A vital aspect of your children’s health and well-being is their feet. Your feet make up a complicated part of the body and more so in young children’s feet as they are soft and pliable. Excessive pressure can lead to deformities. During foot development, it is important for bones, muscles, blood vessels and nerves to have room to grow without restriction. It is key to know the necessary foot care tips to ensure that your kids start off right and have as normal a foot as possible.
When a toddler stands up and takes the first tentative steps, the muscles of the feet grip the floor and the toes separate to help the child have better balance and control. If the feet are confined within a rigid shoe, the toes cannot operate in this way, nor can the muscles of the foot and ankle develop the strength necessary to hold them upright.
Throughout a lifetime, foot health depends upon the flexibility of the structures involved. This begins in infancy and continues as we grow. If we wear rigid shoes, the bones cannot move freely, resulting eventually in crippling arthritis.
“My feet hurt mommy!” With school back in swing, the lessons, sports and other extra curricular activities are back. Parents and kids alike are in most cases excited to be back but the increase in hours and activities could cause pains. It can be excruciating for some children to the point they cannot walk properly.
Ailments Kids Experience
Calcaneal Apophysitis (Hurting Heels)
This is the medical term for inflammation of the growth plate in the heel; caused by the pull of the plantar fascia below it, and the Achilles tendon above it. As we grow, the bones in the legs get longer, but the muscles and tendons have to stretch to grow with them. If these structures are tight and have not reached the same length as the bones, then they pull much harder on the growth plates. This causes significant pain that usually occurs after activity and improves with rest. Other symptoms include swelling of the heels and pain when pressure is placed.
Warts are a virus. They are about as preventable as a cold! How to prevent them? Heading my list is protection of your children’s feet by having them wear flip flops around locker rooms and showers as far as possible.
It’s created by fungus in a moist environment. Using protective foot wear is also applicable. Make sure your kids properly dry between their toes after bathing. The use of an anti-fungal spray for their foot wear would help to contain bacteria.
This is the most common ailment in kids and may be hereditary. Flexible flat foot or a pronated foot in children is usually painless in young children, but may cause an ache, especially in the overweight or older child. In very young children, there is often a ‘fat pad’ in the arch area of the foot which gives an appearance of a flat foot, when it is not. If the foot also rolls inward at the ankle (pronates), then this may be cause for concern. In the majority of cases, most will grow out of it, but some do not. Treatment with foot orthotics is indicated if it’s severe.
Overly-tight shoes are the leading cause of Hallux Valgus (Bunions), which occurs when the big toe begins to angle sideways in the direction of the second toe, causing a bump or bunion on the side of the foot.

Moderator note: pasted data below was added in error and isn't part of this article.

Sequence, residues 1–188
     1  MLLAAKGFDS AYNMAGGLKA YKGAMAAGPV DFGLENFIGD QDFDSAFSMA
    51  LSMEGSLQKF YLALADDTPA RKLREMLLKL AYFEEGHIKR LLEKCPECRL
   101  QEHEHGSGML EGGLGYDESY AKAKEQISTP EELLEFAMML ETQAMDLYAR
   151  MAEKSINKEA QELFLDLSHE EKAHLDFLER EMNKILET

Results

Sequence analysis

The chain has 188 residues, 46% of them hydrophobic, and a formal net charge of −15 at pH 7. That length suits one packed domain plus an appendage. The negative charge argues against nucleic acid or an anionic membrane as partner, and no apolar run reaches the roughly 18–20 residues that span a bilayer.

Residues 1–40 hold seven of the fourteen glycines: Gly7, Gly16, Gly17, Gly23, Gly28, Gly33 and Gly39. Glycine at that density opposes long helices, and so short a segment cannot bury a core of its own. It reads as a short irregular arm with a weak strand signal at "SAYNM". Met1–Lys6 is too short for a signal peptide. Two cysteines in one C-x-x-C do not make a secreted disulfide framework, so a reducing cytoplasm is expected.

Footwear and Deformities
A new study of 250 children in Switzerland presented by the American Academy of Orthopaedic Surgeons (AAOS) found that a vast majority of young children are wearing shoes that are too small, increasing the risk of foot deformities.
When a child is walking most of the day by themselves, it is time the child gets a pair of shoes to protect their feet. This can be between seven months and two years. Leather is also the only material to conform to the shape of the foot and stay there, thus making the best possible fit. This is why shoes should never be passed down to another child!
Children’s feet grow in fits and start during infancy, and can grow by a half size in a matter of weeks. It’s therefore advisable to have shoes checked after eight weeks to see if they still fit. . By the time the child is three years old, the intervals may stretch to 6 months. One sign that a toddler’s shoes may be getting too tight is if they frequently take them off or if they cause them to trip.
Admittedly this time in the child’s development can be an expensive one! However this is money well spent; don’t be tempted to make shoes last longer or revert to badly made self-fitted footwear, as your investment in the future will pay dividends!
Advice for Parents
Problems noticed at birth will not always disappear by themselves. Don’t wait until the child begins walking to take care of a problem you’ve noticed earlier. It is best to take action when the child is a toddler to ensure better responsiveness to treatment options. Remember that lack of complaint by a youngster is not a reliable sign. Because the bones of growing feet are so flexible, they can be twisted and distorted without the child being aware of it.
Does the child toe in or out; have ‘knock knees,’ or other gait abnormalities? These problems can be corrected if they are detected early. With the exception of infancy, going barefoot is not to be encouraged among children. Walking barefoot on dirty pavements exposes children’s feet to a variety of dangers including infection through accidental cuts, sprains or fractures. Be careful about applying home remedies to their feet. Preparations strong enough to kill certain types of fungus can harm their skin.
Your feet mirror your general health . . . cherish them!